Personal wellness is difficult element to quantify. There are many elements of daily life that can impact the well-being of each individual. Pinpointing the factors that have greatest impact on wellness and mood is difficult. We need to learn how our own eating and drinking habits affect our mood?
This proposed personal informatics design aims to find a correlation between sleep and diet with mood. We decided to create phone application prototype for this design. Our design tracks diet, sleeping habits and moods (with its intensity the user is observing it) through a phone application and visualizes this data for a specified time period. The goal of this design is to facilitate behavior change through self knowledge.
We presented this project at School of Information annual event and created above poster for this event.
For recording food, we divided the food items into five categories and beverages into six categories so that user can just tap and record his foods and beverages. We also provided a list of moods, where user can select multiple options and then application asks about the intensity of the each mood he selected before.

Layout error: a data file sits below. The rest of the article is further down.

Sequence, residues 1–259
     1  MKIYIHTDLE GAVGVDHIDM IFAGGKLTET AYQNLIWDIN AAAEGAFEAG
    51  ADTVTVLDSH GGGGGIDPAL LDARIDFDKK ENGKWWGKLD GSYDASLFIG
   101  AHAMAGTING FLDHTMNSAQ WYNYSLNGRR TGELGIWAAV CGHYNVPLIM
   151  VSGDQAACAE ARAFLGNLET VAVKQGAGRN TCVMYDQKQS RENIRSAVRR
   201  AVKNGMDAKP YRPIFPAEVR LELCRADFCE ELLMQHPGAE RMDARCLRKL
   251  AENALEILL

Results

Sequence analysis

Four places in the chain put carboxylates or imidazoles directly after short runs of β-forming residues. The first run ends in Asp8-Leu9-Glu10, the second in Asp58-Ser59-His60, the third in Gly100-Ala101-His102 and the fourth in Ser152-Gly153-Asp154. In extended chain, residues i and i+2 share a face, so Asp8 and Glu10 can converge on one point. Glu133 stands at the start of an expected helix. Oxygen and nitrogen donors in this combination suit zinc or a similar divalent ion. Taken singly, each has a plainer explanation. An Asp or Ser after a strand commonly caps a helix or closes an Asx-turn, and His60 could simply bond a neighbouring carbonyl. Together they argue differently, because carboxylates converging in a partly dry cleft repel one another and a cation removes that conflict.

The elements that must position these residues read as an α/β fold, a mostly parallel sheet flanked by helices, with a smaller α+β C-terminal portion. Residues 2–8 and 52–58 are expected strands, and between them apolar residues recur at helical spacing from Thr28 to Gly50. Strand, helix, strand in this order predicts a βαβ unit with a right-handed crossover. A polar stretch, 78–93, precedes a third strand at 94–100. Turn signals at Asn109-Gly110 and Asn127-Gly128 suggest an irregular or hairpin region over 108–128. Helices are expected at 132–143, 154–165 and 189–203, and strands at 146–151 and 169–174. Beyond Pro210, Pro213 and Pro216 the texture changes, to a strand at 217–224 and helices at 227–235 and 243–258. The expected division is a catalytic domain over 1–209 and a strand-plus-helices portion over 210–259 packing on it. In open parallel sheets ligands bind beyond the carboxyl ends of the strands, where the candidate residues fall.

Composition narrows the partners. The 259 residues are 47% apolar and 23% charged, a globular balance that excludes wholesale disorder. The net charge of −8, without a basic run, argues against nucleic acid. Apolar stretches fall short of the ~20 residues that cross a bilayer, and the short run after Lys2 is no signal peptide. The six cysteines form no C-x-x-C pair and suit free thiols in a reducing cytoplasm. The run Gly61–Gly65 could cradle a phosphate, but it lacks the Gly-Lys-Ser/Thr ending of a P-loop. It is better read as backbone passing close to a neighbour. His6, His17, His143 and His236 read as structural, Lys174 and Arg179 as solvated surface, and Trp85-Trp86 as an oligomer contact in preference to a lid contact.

Categorization and integration with habits
We found adding the food, beverage and mood by typing on the tiny phone screen is less desirable and in a long run user may lose their interest in the application because of excessive typing or they might ignore to record all their foods / beverages / mood. The sleep recording is integrated with the alarm and at the time of sleep the user just has to swipe a tab and when he wakes up and turns off the alarm the system records user's sleep time. For recording the mood we decided to have a pop showing up at users predecided times.
Click here to try it
Some screen captures of MoodHack protoype
This whole data can be visualization the phone screen and the user gets to know about what is making him feeling a particular mood. The data can be visualized for a week or month.
An intial data visualization for Moodhack
We learned about the barriers and motivations in using a system. We also learned that if the data about selves can be presented in the right form can initiate the behavior change which is practically very hard to achieve.
Cindy Chau, Shelle Hyde, Surong Ruan, Anand Geetey